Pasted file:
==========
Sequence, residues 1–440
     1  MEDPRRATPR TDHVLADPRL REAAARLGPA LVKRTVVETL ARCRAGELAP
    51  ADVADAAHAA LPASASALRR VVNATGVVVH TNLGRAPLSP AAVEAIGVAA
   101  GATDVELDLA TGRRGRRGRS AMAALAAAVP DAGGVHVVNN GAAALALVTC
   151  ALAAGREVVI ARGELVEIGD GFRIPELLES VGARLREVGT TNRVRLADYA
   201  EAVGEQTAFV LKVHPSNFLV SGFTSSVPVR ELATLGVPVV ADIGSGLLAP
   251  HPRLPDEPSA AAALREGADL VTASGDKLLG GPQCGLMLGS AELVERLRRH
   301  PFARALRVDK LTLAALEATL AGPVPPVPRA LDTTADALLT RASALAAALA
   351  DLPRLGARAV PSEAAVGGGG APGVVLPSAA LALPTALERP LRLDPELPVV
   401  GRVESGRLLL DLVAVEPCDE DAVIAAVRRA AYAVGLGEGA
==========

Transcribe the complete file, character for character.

Sequence, residues 1–440
     1  MEDPRRATPR TDHVLADPRL REAAARLGPA LVKRTVVETL ARCRAGELAP
    51  ADVADAAHAA LPASASALRR VVNATGVVVH TNLGRAPLSP AAVEAIGVAA
   101  GATDVELDLA TGRRGRRGRS AMAALAAAVP DAGGVHVVNN GAAALALVTC
   151  ALAAGREVVI ARGELVEIGD GFRIPELLES VGARLREVGT TNRVRLADYA
   201  EAVGEQTAFV LKVHPSNFLV SGFTSSVPVR ELATLGVPVV ADIGSGLLAP
   251  HPRLPDEPSA AAALREGADL VTASGDKLLG GPQCGLMLGS AELVERLRRH
   301  PFARALRVDK LTLAALEATL AGPVPPVPRA LDTTADALLT RASALAAALA
   351  DLPRLGARAV PSEAAVGGGG APGVVLPSAA LALPTALERP LRLDPELPVV
   401  GRVESGRLLL DLVAVEPCDE DAVIAAVRRA AYAVGLGEGA